Cinema has been for many diasporic communities the privileged site of self-representation and sometimes of idealistic (re)construction of homeland. Over the past thirty years, Palestinian cinema has constituted a site for negotiation and circulation of values and behaviors that have contributed to the creation and perpetuation of Palestinian cultural and national identity against the systematic denial of such an identity by the Israeli occupier.
I argue that the formation of a Palestinian identity has been and remains a continuous vital process rather than a final preshaped construct. However, the performative act of cultural identification has been more successful than the building of a national Palestinian state. Photography as well as cinema—fiction and documentary—has succeeded in establishing a recognizable cultural identity of the Palestinian people, while other discourses (political, ethnic, and religious) seem to have failed to achieve this goal. Diaspora becomes in this perspective a vehicle of change and a territory from which other forms of resistance emerge, including resistance to and critical dissociation from self-indulgent archaic value systems associated with ethnic, social, and historical identifications.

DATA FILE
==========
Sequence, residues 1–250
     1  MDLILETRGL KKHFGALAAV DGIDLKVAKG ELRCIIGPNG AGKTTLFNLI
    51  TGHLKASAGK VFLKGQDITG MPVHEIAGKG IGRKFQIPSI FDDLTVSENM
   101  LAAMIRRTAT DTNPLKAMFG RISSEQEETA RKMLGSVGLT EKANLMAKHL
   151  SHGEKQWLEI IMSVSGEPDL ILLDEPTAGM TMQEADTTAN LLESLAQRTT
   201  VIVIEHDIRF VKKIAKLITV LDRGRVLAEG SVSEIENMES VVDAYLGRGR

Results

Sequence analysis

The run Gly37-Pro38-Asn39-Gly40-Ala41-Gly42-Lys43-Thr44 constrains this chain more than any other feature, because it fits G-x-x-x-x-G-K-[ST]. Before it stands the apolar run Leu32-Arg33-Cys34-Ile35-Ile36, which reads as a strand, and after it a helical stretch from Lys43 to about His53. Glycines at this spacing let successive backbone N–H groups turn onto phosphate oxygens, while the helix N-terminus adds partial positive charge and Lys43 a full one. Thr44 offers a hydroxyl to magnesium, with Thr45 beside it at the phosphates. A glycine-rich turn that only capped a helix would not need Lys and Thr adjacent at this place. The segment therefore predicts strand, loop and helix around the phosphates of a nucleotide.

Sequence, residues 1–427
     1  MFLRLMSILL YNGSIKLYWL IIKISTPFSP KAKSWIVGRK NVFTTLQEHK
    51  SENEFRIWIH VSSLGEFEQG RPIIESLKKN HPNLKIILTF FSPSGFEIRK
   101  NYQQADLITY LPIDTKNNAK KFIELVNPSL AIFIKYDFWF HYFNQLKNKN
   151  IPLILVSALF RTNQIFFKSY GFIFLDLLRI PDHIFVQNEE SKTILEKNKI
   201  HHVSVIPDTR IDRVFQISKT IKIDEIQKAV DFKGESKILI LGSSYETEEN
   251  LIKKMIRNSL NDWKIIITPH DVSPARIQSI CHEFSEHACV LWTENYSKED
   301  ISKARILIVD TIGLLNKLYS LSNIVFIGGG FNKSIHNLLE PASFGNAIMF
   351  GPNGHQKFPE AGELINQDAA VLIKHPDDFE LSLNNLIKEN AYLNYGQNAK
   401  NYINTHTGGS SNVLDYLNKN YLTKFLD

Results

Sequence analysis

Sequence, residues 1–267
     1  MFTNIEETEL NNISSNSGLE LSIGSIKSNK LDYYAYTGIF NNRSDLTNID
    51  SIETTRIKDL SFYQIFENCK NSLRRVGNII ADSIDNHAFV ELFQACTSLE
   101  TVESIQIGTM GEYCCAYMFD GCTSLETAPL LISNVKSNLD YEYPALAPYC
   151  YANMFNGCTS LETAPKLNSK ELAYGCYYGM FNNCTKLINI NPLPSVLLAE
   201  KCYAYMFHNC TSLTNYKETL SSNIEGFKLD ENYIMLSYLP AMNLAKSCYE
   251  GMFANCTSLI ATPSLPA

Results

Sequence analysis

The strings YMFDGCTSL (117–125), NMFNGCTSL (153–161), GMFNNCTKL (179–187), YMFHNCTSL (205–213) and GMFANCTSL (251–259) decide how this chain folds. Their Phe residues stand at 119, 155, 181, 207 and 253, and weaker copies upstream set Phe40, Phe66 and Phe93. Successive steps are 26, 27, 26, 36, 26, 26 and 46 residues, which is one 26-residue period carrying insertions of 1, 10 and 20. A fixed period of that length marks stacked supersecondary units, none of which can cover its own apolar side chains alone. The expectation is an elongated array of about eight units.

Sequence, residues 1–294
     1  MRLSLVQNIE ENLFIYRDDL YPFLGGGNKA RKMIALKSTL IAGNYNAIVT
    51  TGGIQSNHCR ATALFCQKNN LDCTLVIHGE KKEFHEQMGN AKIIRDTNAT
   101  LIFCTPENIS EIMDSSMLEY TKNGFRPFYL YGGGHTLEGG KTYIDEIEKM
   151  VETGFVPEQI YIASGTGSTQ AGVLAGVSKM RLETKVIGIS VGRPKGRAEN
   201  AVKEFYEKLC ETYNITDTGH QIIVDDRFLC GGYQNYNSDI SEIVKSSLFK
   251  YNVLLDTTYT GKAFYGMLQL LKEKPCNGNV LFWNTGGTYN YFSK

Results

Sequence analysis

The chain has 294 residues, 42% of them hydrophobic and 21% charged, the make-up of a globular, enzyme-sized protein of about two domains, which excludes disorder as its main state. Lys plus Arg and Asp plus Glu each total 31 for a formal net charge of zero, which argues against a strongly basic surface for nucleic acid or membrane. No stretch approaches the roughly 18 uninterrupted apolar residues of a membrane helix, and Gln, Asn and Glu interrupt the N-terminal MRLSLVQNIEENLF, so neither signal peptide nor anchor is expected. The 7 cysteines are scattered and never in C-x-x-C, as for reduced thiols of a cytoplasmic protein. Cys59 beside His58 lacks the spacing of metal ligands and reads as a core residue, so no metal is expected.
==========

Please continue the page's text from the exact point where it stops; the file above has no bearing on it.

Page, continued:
I analyze in this essay Palestinian-Belgian filmmaker Michel Khleifi's documentary and feature films as sites of a diasporic reconstruction of identity. I then focus on iconic representations of the face (the portrait and the close-up) and the landscape (the panoramic establishing shots), arguing that photographers and filmmakers alike have made extensive use of the face and the landscape in order to authenticate the Palestinian reality and fetishize—through remembrance and material replacements—the lost land of Palestine.